• The Arp2/3 complex is critical for colonisation of the mouse skin by melanoblasts.

      Papalazarou, Vassilis; Swaminathan, Karthic; Jaber-Hijazi, Farah; Spence, Heather; Lahmann, Ines; Nixon, Colin; Salmeron-Sanchez, Manuel; Arnold, Hans-Henning; Rottner, Klemens; Machesky, Laura M; et al. (Company of Biologists, 2020-10-07)
      The Arp2/3 complex is essential for the assembly of branched filamentous actin but its role in physiology and development is surprisingly little understood. Melanoblasts deriving from the neural crest migrate along the developing embryo and traverse the dermis to reach the epidermis colonising the skin and eventually homing within the hair follicles. We have previously established that Rac1 and Cdc42 direct melanoblast migration in vivo We hypothesised that the Arp2/3 complex might be the main downstream effector of these small GTPases. Arp3 depletion in the melanocyte lineage results in severe pigmentation defects in dorsal and ventral regions of the mouse skin. Arp3 null melanoblasts demonstrate proliferation and migration defects and fail to elongate as their wild-type counterparts. Conditional deletion of Arp3 in primary melanocytes causes improper proliferation, spreading, migration and adhesion to extracellular matrix. Collectively, our results suggest that the Arp2/3 complex is absolutely indispensable in the melanocyte lineage in mouse development, and indicate a significant role in developmental processes that require tight regulation of actin-mediated motility.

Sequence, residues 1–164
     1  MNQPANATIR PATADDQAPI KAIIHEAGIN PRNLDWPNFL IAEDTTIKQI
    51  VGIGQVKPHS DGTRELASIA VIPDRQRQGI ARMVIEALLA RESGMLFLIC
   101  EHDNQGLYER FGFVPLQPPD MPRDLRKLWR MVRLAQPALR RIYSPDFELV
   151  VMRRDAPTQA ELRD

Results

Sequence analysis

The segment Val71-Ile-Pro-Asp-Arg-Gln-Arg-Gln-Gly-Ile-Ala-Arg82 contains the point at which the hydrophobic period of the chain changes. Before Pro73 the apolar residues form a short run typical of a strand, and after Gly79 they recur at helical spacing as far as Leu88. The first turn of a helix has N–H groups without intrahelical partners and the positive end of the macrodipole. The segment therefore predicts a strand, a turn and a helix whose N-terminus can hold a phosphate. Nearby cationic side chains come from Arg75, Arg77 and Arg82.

• Molecular Dissection of Neurodevelopmental Disorder-Causing Mutations in CYFIP2.

      Schaks, Matthias; Reinke, Michael; Witke, Walter; Rottner, Klemens; HZI,Helmholtz-Zentrum für Infektionsforschung GmbH, Inhoffenstr. 7,38124 Braunschweig, Germany. (MDPI, 2020-05-29)
      Actin remodeling is frequently regulated by antagonistic activities driving protrusion and contraction downstream of Rac and Rho small GTPases, respectively. WAVE regulatory complex (WRC), which primarily operates downstream of Rac, plays pivotal roles in neuronal morphogenesis. Recently, two independent studies described de novo mutations in the CYFIP2 subunit of WRC, which caused intellectual disability (ID) in humans. Although mutations had been proposed to effect WRC activation, no experimental evidence for this was provided. Here, we made use of CRISPR/Cas9-engineered B16-F1 cell lines that were reconstituted with ID-causing CYFIP variants in different experimental contexts. Almost all CYFIP2-derived mutations (7 out of 8) promoted WRC activation, but to variable extent and with at least two independent mechanisms. The majority of mutations occurs in a conserved WAVE-binding region, required for WRC transinhibition. One mutation is positioned closely adjacent to the Rac-binding A site and appears to ease Rac-mediated WRC activation. As opposed to these gain-of-function mutations, a truncating mutant represented a loss-of-function variant and failed to interact with WRC components. Collectively, our data show that explored CYFIP2 mutations frequently, but not always, coincide with WRC activation and suggest that normal brain development requires a delicate and precisely tuned balance of neuronal WRC activity.